As some of you know for the last few months I’ve been working on a new side project: Zesta Punta. Some folks have asked me why, so I wanted to use this post to explain my motivations.
If you’re unfamiliar with Zesta Punta I invite you to sign up an take it for a spin, but I do so with a full warning that it is very rough. It is an experiment for reasons you’ll read below. The service as is should be considered version 0.1. Nevertheless it works, as several hundred users can attest, and most importantly I’ve managed to achieve many of the goals I’ve set for the project.
The basic idea is that we all have a bunch of useful but un- or underutilized stuff sitting around that we would gladly share with our friends, but the transaction costs of doing so are too high. This is a problem technology should be able to address, and that is the distant end goal of Zesta Punta as a consumer service. Nevertheless, change of any kind is hard, especially so when it’s driven via a side project with very limited resources, and we still have a long way to go before ZP approaches even the first phases of the vision we have for it.
But as a project Zesta Punta has many goals as well, many for me personally. Zesta Punta is in many ways the exact opposite of Nestoria, the service I’ve spend the last seven years (!) working on (and, just to remove any doubt, continue to actively work on). Nestoria is all about getting information to users as fast as possible. There is intentionally no registration, no social aspect. It is a very lean service aiming to do exactly one thing very well. For my own curiosity I wanted a chance to experiment on a service that was much more social, to play with concepts like gamification, to learn the details of deeply integrating with Facebook, to spend time swimming in the muddy waters of user generated content, and to relearn working on a “complex” service. I also wanted to really get my hands dirty with some new technologies and services like bootstrap, nginx, Mojolicious, mailgun, filepicker, and responsive design.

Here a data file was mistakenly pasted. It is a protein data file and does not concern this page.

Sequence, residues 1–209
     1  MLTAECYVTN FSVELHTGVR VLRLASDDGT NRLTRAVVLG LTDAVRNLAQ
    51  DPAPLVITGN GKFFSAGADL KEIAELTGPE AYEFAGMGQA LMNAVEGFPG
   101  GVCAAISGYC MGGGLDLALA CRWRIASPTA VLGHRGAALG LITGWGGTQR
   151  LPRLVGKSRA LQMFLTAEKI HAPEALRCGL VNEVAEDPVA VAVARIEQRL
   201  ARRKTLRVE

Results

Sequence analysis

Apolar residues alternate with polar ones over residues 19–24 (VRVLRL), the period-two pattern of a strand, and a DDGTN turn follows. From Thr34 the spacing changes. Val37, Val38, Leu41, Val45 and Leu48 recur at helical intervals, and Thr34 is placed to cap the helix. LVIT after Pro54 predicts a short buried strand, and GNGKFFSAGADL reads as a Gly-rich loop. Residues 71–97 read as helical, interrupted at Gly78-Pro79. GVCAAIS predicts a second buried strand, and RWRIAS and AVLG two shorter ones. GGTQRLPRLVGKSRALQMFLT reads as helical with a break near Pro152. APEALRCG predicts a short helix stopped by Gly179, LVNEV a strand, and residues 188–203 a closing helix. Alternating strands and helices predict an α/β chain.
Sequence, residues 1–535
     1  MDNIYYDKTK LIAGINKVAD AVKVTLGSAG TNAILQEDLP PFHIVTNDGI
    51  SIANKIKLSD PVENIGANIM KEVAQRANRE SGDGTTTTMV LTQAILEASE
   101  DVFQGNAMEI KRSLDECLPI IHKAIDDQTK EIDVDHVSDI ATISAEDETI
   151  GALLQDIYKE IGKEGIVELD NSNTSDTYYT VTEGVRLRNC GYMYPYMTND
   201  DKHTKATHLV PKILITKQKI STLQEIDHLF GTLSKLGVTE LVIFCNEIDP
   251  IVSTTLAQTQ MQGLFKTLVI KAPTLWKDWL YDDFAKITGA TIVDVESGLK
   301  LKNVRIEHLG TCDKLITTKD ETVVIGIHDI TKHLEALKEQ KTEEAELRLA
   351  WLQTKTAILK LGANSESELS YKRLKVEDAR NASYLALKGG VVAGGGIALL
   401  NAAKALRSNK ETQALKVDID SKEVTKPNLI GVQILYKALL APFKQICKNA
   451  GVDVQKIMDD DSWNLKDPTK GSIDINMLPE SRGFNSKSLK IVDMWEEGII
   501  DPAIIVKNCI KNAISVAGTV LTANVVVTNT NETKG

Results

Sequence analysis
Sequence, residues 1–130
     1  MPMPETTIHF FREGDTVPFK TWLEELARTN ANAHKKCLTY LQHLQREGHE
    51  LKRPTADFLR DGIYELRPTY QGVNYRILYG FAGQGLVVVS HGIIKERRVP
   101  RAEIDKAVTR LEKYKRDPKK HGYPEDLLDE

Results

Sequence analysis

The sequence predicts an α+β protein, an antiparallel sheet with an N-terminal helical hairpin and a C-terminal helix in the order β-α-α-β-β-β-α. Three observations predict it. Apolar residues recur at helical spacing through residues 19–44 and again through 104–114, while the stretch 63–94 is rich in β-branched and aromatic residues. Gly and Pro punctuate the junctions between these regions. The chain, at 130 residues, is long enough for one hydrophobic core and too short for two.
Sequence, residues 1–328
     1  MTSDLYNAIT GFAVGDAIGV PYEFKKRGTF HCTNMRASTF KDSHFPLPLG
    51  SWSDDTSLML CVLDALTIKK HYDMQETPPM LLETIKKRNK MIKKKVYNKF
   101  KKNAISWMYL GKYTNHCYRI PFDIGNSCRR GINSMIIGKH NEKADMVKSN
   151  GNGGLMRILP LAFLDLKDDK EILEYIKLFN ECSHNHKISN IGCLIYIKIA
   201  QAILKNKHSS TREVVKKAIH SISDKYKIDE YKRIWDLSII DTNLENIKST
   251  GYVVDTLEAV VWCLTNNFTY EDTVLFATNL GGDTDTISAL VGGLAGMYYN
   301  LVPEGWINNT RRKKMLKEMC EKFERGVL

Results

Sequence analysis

While I could easily build toy projects to learn new technologies, you can’t fake the social piece, and I also knew from past experiences that I learn best from projects that are “real”. Hackday style side projects can be good for brainstorming but are too easy to neglect or abandon once the going gets hard. But that is the exact point when most learning occurs.
In this regard ZP has been a great success. I have been mentally refreshed and have learned an immense amount, sometimes through excruciatingly painful lessons. I can recommend it, it has basically been a product bootcamp.
Finally I should say that I’m not the only one working on Zesta Punta, and while you can feel free to send me any bug reports you have, if you like it all credit should be shared out to everyone involved in the project. Big thanks to all involved.
If this post has whetted your appetite, please join Zesta Punta and let me know if you want any of my stuff.